Obstructive sleep apnea
Loss of breath during sleep is a sign of a sleep disorder
If you share the same bed or room with someone who repeatedly stops breathing as they sleep, take time to tell him or her about it. Loss of air flow into the body may be caused by a life-threatening condition called obstructive sleep apnea.
Frequent interruptions in breathing during sleep are often due to airway collapse in adults. The condition puts pressure on the body to continue to function normally.
A cascade of events follows a drop in oxygenation. It starts with a rise in blood pressure and pulse, an adrenaline surge in the bloodstream and a pouring out of adhesion molecules that raise the risk of blood clots. Meanwhile, blood cells clump together and to the artery wall as plaque forms inside the arteries. Sleep apnea also can cause distressing arousals from sleep, leading to daytime sleepiness and other problems.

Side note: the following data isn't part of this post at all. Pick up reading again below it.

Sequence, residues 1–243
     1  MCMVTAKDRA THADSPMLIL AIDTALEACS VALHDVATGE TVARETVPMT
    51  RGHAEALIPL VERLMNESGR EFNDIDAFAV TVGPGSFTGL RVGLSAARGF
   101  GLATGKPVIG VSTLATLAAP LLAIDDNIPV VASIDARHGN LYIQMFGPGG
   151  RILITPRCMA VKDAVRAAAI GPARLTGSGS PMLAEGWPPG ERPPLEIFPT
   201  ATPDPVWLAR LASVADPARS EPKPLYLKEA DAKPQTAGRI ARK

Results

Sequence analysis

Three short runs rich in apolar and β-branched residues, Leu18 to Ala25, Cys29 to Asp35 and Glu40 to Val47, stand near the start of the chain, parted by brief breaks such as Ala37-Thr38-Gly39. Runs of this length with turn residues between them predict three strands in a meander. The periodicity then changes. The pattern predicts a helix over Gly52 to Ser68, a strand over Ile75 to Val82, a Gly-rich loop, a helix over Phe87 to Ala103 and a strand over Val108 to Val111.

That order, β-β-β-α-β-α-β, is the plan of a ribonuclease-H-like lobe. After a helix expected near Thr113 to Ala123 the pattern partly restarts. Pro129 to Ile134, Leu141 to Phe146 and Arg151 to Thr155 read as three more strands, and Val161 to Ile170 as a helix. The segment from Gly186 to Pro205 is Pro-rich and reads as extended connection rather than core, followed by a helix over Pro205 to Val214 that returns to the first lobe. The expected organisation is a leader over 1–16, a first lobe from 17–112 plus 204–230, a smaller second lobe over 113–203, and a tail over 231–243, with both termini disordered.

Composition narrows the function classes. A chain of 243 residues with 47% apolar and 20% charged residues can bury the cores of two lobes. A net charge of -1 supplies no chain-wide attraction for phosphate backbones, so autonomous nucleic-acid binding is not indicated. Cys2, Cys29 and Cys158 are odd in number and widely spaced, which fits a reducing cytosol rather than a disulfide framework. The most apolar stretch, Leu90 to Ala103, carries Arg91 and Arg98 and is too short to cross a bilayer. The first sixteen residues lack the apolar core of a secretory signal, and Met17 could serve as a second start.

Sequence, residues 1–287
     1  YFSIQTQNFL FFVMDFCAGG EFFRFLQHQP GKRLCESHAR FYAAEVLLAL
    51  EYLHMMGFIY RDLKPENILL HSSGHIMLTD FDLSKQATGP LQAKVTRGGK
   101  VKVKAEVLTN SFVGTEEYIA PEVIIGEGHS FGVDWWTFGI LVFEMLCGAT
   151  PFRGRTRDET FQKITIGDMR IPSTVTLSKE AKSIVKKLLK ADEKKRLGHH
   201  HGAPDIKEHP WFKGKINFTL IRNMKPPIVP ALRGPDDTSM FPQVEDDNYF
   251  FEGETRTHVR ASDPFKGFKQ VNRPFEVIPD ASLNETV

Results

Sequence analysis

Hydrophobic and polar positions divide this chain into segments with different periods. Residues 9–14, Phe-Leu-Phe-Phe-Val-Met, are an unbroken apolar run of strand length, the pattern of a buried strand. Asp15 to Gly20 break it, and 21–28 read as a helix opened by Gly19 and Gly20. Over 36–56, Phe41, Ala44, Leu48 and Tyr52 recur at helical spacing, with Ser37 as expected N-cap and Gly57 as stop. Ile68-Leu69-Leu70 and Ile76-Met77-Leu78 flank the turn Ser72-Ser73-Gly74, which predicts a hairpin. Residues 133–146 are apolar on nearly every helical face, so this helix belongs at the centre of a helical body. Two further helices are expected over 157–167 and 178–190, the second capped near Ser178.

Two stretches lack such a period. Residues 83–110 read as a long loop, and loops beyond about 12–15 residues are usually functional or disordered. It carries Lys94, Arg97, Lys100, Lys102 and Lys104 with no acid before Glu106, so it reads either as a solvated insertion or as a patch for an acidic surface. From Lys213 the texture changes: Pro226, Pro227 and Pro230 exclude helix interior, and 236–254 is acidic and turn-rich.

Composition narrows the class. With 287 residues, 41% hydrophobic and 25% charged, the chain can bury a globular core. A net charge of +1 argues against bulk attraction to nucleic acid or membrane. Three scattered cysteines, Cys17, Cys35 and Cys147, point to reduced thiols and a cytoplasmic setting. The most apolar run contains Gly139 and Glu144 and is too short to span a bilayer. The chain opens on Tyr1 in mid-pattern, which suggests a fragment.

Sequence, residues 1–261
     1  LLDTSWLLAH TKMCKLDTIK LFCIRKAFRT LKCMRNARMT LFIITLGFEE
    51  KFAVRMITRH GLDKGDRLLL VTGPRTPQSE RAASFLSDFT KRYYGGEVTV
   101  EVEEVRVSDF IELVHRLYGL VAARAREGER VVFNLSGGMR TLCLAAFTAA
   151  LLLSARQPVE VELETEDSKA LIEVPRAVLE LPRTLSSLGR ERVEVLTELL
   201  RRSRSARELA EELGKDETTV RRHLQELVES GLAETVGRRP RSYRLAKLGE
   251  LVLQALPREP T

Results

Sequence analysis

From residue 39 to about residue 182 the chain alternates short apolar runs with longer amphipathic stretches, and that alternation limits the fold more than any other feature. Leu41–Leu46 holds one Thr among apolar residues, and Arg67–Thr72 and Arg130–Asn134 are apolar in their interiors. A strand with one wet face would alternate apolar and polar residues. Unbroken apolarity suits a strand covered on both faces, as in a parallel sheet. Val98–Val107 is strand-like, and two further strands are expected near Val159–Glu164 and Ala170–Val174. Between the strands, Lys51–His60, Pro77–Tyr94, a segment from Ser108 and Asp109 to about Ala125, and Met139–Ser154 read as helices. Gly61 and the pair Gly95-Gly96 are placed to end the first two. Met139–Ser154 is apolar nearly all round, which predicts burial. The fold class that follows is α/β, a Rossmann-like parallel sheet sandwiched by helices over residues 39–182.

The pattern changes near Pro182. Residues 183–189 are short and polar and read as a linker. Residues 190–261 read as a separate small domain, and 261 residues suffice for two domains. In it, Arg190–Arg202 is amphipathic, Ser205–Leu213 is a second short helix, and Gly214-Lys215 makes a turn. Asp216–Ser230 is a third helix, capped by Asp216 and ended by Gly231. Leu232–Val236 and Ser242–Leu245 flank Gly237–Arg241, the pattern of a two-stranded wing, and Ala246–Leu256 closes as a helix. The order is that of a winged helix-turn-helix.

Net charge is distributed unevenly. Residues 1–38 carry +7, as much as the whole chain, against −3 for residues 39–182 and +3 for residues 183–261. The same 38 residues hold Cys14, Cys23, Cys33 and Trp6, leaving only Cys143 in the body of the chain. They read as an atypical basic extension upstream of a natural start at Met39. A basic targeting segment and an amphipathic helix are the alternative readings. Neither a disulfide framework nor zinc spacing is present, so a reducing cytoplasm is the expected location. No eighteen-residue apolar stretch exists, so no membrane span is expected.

Being a witness to sleep apnea is perhaps the most important clue that a bed partner or roommate might have a life-threatening sleep disorder. Loud snoring and gasping while awake are also common symptoms. Partners, predictably, may also experience daytime sleepiness.
Severe cases of obstructive sleep apnea affect 23 percent of women and 49 percent of men, according to the Wisconsin Sleep Cohort research study of 1993 and European follow-up trials. This rising number is considered a consequence of the obesity epidemic, better diagnostic tests and more informed clinicians.
Where is the obstruction responsible for the airway collapse? In the USA, it is typically due to fatty tissue at the base of the tongue. In Asia it is likely due to natural facial structure and posterior tongue position. When this cycle recurs off and on all night, safe sleep is threatened, with vascular injury and disease taking over.